It was an unlikely romance that captured all our hearts: the beautiful, glamorous, world-renowned New York City somehow fell in love with humble, quirky Portland, Oregon. No one expected the two cities to pair up, but once they did, it felt like destiny. But was it?
After years of quiet flirtation, New York and Portland started seeing each other in earnest early last year, and they weren’t afraid to show their affection to the world. New York sent Portland lavish gifts, such as Brooklyn 20-somethings and clothes that were actually fashionable, and wrote frequent public love letters to Portland in the Style and Travel sections of the New York Times. This was the real thing — or so it seemed.
In recent months, friends of the two cities tell us, Portland and New York have drifted apart. Speculation has been brewing over the reasons behind the split — Basic incompatibility? Fear of commitment? A hot, young town on the side? But the cities themselves have kept silent.
That is, until now. Street Roots recently sat down for an exclusive, no-holds-barred interview with New York City, and for the very first time, the bustling metropolis bared its soul about the courtship, the breakup and what the future holds.
Street Roots: Let’s start at the beginning. What first attracted you to Portland?
New York City: Oh, it wasn’t just one thing. I liked the trees. I liked the food carts. I liked dogs and the yoga. I liked those quirky striped socks Portland was always wearing. I felt kind of like a teenager with a crush again, you know? And I liked how really friendly and relaxed Portland always seemed — it balanced out the craziness in my own life. I was in kind of a weird place then, and Portland was exactly what I needed.
SR: We know what your relationship looked like in the papers, but what was Portland like in private? Were there problems we couldn’t see?
NYC: For the most part, Portland was great when we were together. It was really easygoing. We took walks along the waterfront, we watched independent films, we bought organic produce at the farmers market … and we would just sit around and talk for hours. Portland is a really great listener. I’d been with all these big, heartless, self-important cities before, and Portland was so nice in comparison.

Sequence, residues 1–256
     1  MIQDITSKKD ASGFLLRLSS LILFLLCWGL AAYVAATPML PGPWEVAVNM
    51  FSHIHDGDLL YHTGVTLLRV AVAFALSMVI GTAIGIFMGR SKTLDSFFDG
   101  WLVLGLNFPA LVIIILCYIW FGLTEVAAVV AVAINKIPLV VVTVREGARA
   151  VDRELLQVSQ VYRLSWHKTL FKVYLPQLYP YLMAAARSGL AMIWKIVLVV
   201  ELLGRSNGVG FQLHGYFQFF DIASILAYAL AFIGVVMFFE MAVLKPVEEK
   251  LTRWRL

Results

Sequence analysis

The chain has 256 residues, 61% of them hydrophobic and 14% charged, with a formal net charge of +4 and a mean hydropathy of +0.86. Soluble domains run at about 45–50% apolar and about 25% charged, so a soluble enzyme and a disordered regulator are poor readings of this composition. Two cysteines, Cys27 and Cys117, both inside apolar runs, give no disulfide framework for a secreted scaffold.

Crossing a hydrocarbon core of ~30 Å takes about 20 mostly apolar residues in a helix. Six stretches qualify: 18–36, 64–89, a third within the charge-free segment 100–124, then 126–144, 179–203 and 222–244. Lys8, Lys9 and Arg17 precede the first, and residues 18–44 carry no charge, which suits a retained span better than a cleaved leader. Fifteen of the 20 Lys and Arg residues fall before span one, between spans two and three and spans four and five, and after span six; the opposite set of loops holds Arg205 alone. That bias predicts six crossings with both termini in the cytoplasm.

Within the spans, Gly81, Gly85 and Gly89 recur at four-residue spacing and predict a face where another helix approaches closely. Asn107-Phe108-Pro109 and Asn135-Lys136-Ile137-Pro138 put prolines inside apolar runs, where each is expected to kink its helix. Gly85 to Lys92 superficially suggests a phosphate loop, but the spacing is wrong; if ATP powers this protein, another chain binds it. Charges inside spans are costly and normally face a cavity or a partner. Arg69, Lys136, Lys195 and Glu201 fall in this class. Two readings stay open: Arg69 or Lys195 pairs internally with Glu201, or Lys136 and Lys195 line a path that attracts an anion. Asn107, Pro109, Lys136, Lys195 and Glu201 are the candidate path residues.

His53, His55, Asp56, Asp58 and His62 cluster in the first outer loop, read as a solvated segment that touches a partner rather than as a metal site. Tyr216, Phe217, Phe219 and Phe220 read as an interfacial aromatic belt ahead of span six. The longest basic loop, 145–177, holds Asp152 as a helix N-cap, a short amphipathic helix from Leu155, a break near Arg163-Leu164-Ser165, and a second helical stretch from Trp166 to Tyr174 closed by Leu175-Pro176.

But there were definitely problems, too, like the whole winter thing. I mean, I know seasonal depression is a legitimate medical problem, and I empathize with that. Sometimes it gets dark here, too, if you wander too far from Times Square. But it would be January or February, and Portland would just keep moping around the house, all pale and listless. It started to bring me down after a while.
And there were all these little things that made it seem like Portland didn’t really get me. Like, it kept on sending me roses all the time, and I thought, seriously? Roses? That’s nice, I guess, but it’s so … unoriginal.
SR: So did you initiate the breakup?
NYC: Yeah, I did. You know, I think it became clear to me that we were just at really different places in our urban development. We needed different things. I wanted excitement, danger, passion; Portland mostly wanted to ride bikes and have talking circles. That’s cute, and I tried — I mean, I have way more bike lanes now than I did a few years ago. But I also have constantly dug-up roads and lots of cab drivers who are out for blood. That’s just who I am.
SR: You’ve been broken up for a while now. Are there any hard feelings?
NYC: No, no, not at all. At least not on my end. I think I’ll always really care about Portland, and I hope we can continue to be friends. It’s just that cities change — well, some of them, anyway — and we’re not really right for each other anymore. And honestly, I think it’s for the best. The whole long-distance thing never really works out, anyway.
SR: So what’s next for you?
NYC: That’s pretty hard to say. Right now I’m just trying to live my life and enjoy it, you know? And … well, I don’t want to jinx anything, so I won’t name any names, but I’ve kind of been seeing this older European city lately. It’s really sophisticated, really into the arts and architecture and all of that, and things have been going great so far. Sometimes I do miss things about Portland — like its coffee shops, or that adorable little train system — but for the most part, I’ve moved on.
New York City talks candidly about its relationship with Portland, By Rama Greenbush